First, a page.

If you've been to an arcade within the past few years, you'll likely have noticed that they're now dominated by games featuring proprietary peripherals instead of joysticks. Elaborate cockpit-style driving games, those crazy dancing games, and, of course, light-gun games, have become the norm. The attraction of these games is that they make sense to the nongaming mind. The joystick and button combination is a pretty abstract concept, really, but driving a car or pointing and shooting a gun are things most people know about. But, contrary to the mind-set of many hardcore gamers, just because it's accessible, doesn't mean it's not fun. Take, for example, Time Crisis 3, Namco's latest, and arguably one of its best, light-gun games.
The whole weapon-switching system works itself pretty seamlessly into the existing gameplay mechanics.
The narrative that drives Time Crisis 3 involves a pair of superagents sent to a small Mediterranean nation to beat back an invasion. The story isn't particularly impressive or engaging, but it provides enough context for your actions that it's excusable. As a sequel, the game doesn't mess with the fundamentals. Throughout the game, your objective is to shoot your way down a set path, using the "duck" feature to both dodge incoming fire and reload your pistol, all the while racing against a ticking clock. But the devil is in the details, and Time Crisis 3 adds a few twists to the gameplay, creating a more dynamic experience than was offered by its predecessors. Most apparent is the new weapon-switching system, which gives you instant access to a machine gun, a shotgun, and a grenade launcher, in addition to your standard pistol. Though these secondary weapons are more effective than the pistol in different situations, and don't require as much reloading, they also have a finite amount of ammo, unlike the pistol. The only way to replenish your armaments is by plugging a special yellow-suited strain of bad guy. The whole weapon-switching system, which requires you to pull the trigger while ducking, works itself pretty seamlessly into the existing gameplay mechanics and helps bring some variety into a genre plagued by repetition.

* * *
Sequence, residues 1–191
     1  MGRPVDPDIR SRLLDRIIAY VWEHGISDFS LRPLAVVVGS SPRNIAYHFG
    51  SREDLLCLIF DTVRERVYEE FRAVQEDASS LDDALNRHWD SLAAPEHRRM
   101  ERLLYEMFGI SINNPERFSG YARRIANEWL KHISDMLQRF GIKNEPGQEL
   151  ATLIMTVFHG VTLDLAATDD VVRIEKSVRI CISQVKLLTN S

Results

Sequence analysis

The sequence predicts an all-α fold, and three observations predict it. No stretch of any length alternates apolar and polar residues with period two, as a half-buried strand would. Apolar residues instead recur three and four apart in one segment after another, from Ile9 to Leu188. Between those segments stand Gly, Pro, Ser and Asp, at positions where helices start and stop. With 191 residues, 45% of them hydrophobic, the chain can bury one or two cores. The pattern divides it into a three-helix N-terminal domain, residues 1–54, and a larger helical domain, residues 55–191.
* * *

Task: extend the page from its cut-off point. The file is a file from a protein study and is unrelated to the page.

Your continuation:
This should be a given by now, but in case you were unclear, do not play Time Crisis 3 with a standard PlayStation 2 controller. It's a light-gun game, it's meant to be played with a light gun, and the game is simply dumb without one. You can even buy the game with the GunCon 2 packed in.
More subtle than the addition of some new guns is the game's expanded use of scripted events. The Time Crisis games have always made good use of explosions, falling rocks, and other corporeal hazards to spice up the sometimes-predictable process of shooting bad guys as they slide out of doorways and pop up behind rocks, but Time Crisis 3 takes it to another level. There are some great set pieces where the environment around you changes dramatically, creating some thrilling action-movie moments. Take, for example, one sequence that puts you on a train while fighting guys with guns and ninjas--which, in and of itself, isn't that amazing. But, as the train crosses a bridge, a rocket blows the bridge out from underneath the train, leaving much of the train, including the part you're on, dangling over the river, hundreds of feet below. Now, you have to climb your way up to the bridge, dodging the bullets and loose containers. The game is peppered with great sequences like this, including an homage to Time Crisis 2 that replaces boats with jeeps, and it's this sort of inventive, enthusiastic level design that puts Time Crisis 3 head and shoulders above most other rail-based shooters.